Fifthly, in this harsh climate, few other trees can handle the severe heat of the summer, the long-term drought, the cold, below freezing winter mornings, and yet tolerate plenty of water when it’s available.
    One thing your article did not touch on, is something I learned on my own about the beans.
    I have collected the dry beans as you have suggested and dried them thoroughly, and then run them through the blender or food processor. The beans are impervious to the impeller, but the hull become powder. The entire contents of the processor is sifted and the powder that comes through is used a part of the flour content in baking. It has its own flavor, so more may not be better. Use personal taste and discretion.
    So far, I have not soaked and slow-cooked the remaining beans.
    Another bit of info, mesquites come in many varieties. Some can grow tall and most tend to prefer staying close to the ground. Trimming and training may work. Also, expect thorns from mesquites, yet I have several mesquites on the property with either small thorns or no thorns.
    If my property ever goes neglected for water, it will be the mesquites that survive when all the other trees dry up and die.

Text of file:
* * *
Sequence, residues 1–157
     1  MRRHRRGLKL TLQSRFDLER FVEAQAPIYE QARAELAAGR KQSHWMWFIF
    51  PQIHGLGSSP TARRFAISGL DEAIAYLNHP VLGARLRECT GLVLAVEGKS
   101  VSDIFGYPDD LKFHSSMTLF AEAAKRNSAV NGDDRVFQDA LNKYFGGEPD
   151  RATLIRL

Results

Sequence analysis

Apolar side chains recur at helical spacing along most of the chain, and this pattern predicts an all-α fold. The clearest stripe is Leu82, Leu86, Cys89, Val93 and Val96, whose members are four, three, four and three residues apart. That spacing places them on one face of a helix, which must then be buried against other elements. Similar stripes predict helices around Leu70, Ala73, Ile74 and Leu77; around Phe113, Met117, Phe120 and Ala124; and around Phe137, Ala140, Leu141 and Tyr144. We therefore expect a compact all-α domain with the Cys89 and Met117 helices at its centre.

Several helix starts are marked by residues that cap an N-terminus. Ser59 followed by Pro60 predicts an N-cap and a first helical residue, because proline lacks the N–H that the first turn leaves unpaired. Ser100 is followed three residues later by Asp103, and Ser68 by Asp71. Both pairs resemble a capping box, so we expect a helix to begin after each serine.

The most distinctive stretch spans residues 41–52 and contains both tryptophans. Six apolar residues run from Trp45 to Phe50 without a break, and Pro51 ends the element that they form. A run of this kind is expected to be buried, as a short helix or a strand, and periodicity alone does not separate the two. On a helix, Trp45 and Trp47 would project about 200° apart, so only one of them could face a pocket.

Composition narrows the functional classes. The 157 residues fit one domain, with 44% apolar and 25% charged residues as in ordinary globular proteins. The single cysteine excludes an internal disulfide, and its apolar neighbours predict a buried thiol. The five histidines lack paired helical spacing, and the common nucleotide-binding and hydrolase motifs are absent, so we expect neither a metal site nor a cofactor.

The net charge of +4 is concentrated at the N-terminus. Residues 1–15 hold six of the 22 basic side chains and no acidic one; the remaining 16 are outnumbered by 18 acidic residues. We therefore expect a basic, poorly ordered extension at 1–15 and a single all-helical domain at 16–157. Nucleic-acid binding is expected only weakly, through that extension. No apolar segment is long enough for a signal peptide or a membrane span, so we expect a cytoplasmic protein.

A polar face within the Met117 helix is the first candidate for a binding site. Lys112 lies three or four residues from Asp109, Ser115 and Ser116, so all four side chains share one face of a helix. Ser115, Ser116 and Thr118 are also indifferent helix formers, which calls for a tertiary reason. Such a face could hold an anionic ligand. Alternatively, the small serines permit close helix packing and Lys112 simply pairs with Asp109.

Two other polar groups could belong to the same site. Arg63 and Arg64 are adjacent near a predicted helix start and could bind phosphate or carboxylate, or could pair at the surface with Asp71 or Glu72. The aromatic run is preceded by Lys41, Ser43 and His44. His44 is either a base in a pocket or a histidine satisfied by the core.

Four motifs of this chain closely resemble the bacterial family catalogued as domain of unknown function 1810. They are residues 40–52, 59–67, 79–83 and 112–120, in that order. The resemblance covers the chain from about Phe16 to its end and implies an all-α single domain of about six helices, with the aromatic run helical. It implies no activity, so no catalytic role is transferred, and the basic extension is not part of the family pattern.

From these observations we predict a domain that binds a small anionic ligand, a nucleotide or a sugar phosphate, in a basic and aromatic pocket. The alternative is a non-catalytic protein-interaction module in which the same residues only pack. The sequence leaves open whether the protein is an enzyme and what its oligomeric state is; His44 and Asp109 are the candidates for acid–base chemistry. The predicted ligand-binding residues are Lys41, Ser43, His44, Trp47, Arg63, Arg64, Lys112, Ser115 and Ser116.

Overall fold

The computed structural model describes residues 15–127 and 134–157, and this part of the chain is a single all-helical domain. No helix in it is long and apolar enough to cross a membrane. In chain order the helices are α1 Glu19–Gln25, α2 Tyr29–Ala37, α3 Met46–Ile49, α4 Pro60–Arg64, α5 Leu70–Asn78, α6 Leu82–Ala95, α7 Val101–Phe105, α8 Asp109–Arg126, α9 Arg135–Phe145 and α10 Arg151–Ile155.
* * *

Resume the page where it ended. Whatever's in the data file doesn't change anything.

5. B Salazar

    February 25, 2013 at 5:31 PM

    I picked a 5 gallon bucket of beans last year, and discovered that unless processed immediately, the beans harbor small bugs. I thought the beans were dry and could be used over time, but when I opened the bucket, it was covered with bugs. Apparently there were small holes in the beans that were the bugs’ entrance holes, much like Mexican jumping beans. I have made syrup, and to me, it tastes like molasses. I do want to make jelly and flour, and I will try again, but I think I will process them immediately this year.

  6. Mariowen

    February 25, 2013 at 5:40 PM

    I checked back in old emails and this is the recipe that was given to me by the lady who made some really tasty mesquite bean jam. I haven’t made it yet but will when the mesquite beans are ready. To me, it definitely had the taste of honey.


    1 1/2 gal. mesquite beans
    1 c. or 18 oz. bottle lemon juice
    4 qts. water
    1 box sure jell
    7 c. sugar